Nov 2, 2018

IICLE Family Law Flash Points - November 2018

1.  Petition for Declaratory Judgment allowed to proceed even when underlying Petition for Dissolution of Marriage was voluntarily dismissed.  After wife moved to voluntarily dismiss her petition for dissolution of marriage and husband had not filed a counter-petition, husband requested the court to proceed on his petition for declaratory judgment to declare the parties’ premarital agreement valid.  The trial court granted wife’s motion for voluntary dismissal but found husband’s petition for declaratory judgment constituted an independent action which survived. Wife moved to dismiss the petition for declaratory judgment on the grounds the court lacked subject matter jurisdiction to hear the petition because the underlying divorce case had been dismissed. The trial court denied the motion and proceeded to hearing on the declaratory judgment.  The Appellate Court upheld. In an extensive analysis of Illinois case law, the Court held the validity and enforceability of the agreement formed a separate claim for relief based on the cases of In re the Marriage of Rife, 376 Ill.App.33d 1050 (2007); In re the Marriage of Best, 228 Ill.2d 107 (2008); and In re the Marriage of Krol, 2015 IL App (1st) 140976. The Court noted at the time the trial court heard the motion for voluntary dismissal, an active controversy regarding the agreement remained.  The pleadings that were pending were husband’s motion for declaratory judgment, wife’s countermotion for declaratory judgment, husband’s motion for leave to file a counter-petition, and wife’s petition for injunctive relief.  Husband had also filed a separate petition for dissolution of marriage after his motion for leave to file a counter-petition was denied.  Kranzler v. Kranzler 2018 IL App (1st) 171169.

2.  Premarital agreement executed moments before the wedding ceremony valid and enforceable.  At hearing on a petition for declaratory judgment, husband sought to enforce the agreement and wife opposed.  The trial court heard extensive testimony regarding the circumstances that surrounded the negotiation and execution of the agreement which included testimony that neither party necessarily wanted to the marry the other, but that both of their families put pressure on them to marry due to the fact wife was pregnant.  Because the agreement was executed on October 9, 1984, common law, not the Premarital Agreement Act applied.  The Agreement was held to be valid and enforceable.  The wife was awarded a monthly amount in maintenance which increased in amount and length in proportion to the length of marriage, as well as a property settlement which included all assets in her name and half of all marital property.  Therefore, the agreement did not create an unforeseen condition of penury and was fair and reasonable at the time of signing.  Furthermore, there was no duress despite wife’s arguments that she was ill from the pregnancy at the time of signing and the wedding occurred right after she signed.  It was presented to her several weeks prior, she had reviewed it with a lawyer, and it contained a full disclosure of all of husband’s assets.  Furthermore, although wife argued she had tremendous pressure to get married from the parties’ families, the record was clear the pressure did not come from the husband.  Kranzler v. Kranzler 2018 IL App (1st) 171169.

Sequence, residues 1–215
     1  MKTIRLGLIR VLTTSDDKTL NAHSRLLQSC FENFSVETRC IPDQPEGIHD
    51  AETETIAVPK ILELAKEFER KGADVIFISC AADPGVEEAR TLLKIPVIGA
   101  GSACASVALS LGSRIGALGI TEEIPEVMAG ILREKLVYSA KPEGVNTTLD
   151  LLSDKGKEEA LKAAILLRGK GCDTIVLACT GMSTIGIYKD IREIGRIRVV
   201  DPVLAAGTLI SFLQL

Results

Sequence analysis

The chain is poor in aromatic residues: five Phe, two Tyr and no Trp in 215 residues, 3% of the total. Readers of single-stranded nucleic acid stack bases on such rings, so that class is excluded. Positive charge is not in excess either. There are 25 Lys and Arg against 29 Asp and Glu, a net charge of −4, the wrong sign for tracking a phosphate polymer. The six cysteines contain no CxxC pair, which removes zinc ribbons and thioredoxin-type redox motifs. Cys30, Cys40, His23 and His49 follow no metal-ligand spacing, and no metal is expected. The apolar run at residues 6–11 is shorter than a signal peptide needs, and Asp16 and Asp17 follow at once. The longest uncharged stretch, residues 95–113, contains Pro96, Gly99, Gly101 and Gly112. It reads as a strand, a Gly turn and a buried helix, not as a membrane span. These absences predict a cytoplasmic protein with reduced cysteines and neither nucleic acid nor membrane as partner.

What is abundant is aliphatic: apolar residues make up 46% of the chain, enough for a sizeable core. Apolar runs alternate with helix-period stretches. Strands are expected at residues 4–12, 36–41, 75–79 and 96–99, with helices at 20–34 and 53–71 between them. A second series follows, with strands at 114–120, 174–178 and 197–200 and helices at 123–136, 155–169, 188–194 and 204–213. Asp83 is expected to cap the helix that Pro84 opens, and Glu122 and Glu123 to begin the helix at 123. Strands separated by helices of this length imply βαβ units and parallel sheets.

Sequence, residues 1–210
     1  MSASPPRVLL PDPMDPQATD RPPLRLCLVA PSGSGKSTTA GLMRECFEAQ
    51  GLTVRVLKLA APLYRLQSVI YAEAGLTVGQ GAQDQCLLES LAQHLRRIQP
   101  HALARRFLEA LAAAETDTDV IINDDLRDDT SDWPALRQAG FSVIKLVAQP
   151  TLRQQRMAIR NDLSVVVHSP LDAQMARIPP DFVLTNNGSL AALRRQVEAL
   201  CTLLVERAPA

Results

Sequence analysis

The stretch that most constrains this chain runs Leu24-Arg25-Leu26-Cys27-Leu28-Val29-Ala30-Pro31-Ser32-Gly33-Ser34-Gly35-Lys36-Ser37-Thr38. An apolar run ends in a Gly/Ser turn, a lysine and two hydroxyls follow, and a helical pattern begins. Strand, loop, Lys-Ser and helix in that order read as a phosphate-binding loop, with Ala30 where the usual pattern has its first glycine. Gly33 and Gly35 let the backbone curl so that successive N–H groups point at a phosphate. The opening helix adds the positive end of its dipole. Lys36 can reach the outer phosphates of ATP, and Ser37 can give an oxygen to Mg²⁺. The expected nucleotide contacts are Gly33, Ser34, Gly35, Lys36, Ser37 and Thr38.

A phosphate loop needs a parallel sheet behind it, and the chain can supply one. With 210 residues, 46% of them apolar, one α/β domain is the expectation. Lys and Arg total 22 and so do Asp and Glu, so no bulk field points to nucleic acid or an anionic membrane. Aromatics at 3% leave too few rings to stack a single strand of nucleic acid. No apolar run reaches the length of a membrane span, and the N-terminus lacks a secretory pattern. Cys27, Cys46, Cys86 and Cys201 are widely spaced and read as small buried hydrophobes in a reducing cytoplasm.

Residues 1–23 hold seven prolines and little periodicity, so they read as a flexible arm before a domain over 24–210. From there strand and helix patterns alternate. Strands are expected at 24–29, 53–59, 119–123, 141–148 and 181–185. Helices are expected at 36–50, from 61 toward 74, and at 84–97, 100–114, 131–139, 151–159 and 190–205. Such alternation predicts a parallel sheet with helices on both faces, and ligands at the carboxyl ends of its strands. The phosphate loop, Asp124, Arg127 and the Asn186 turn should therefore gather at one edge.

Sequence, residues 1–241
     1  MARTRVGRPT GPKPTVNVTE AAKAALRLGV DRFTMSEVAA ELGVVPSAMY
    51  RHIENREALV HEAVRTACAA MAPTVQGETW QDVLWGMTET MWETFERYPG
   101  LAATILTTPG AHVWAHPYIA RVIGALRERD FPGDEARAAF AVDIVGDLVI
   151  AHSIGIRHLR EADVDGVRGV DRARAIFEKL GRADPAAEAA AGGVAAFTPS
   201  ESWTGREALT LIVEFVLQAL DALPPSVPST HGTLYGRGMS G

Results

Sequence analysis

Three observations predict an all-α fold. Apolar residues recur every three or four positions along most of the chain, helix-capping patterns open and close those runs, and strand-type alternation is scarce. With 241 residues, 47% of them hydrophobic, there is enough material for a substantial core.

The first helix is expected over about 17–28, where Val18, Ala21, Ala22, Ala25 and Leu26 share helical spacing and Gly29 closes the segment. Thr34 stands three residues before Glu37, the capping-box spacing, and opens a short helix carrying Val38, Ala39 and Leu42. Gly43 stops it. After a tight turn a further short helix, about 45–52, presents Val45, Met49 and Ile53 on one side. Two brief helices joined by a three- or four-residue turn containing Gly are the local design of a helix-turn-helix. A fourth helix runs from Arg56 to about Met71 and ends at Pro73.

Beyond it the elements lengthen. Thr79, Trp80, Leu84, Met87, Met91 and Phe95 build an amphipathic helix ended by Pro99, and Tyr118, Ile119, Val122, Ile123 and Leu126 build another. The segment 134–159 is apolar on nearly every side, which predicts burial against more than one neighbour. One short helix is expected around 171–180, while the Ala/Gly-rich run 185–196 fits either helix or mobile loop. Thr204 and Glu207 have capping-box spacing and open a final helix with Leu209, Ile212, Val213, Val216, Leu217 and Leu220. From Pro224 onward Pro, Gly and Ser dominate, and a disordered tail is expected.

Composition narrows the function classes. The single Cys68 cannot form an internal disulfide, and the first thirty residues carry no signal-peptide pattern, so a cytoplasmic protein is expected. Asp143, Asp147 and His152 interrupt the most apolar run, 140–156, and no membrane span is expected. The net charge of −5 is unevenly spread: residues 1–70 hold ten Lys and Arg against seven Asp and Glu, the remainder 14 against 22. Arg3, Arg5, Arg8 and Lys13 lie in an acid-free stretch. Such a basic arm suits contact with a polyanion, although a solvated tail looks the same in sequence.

3.  United States declared minor children’s habitual residence under Hague Convention.  Mother and father were divorced in Lithuania in 2009 and the children lived primarily with the mother who worked for the Lithuanian State and Diplomatic Protocol Department.  In 2014, she was transferred to the Lithuanian Consulate in Chicago.  After negotiation in the Lithuanian trial court, an order was entered allowing her to the right to take the children to Chicago.  The order reflected the expectation that mother’s term would be three years, but it did not impose a three time limit on her right to retain the children in the United States. Within a year of being in Chicago, mother married, and she and her new husband later had a child.  Father filed custody pleadings in Lithuania and also filed a Hague Case in Lithuania.  In April 2015, the Central Authority of Lithuania forwarded the Hague Petition to the Central Authority of the United States.  However, father did not institute any Hague proceedings in the United States for more than three years, in May of 2018.  At the time of the evidentiary hearing, both minor children had become acclimated to the United States.  They were living with their mother, step-father, and baby brother.  They were fluent in English, enrolled in schools, and active in extracurriculars.  Mother had extended family in Chicago who they were able to spend time with as well.  The Court also noted that the parents’ last shared intent was the children would move with their mother to Chicago.  Although father only thought the children would be gone for three years, he acquiesced in a “sea-change” in their lives and it is reasonable to construe this acquiescence as acceptance of their new habitual residence being the United States.  The Court also conducted an in camera interview of the children where they credibly articulated their desire to stay in Chicago.  Therefore, the United States became the children’s habitual residence during the period in which father acquiesced to their presence here.  Bandzius v. Sulcaite, 2018 WL 5018459.  (N.D. Illinois, Eastern Division)

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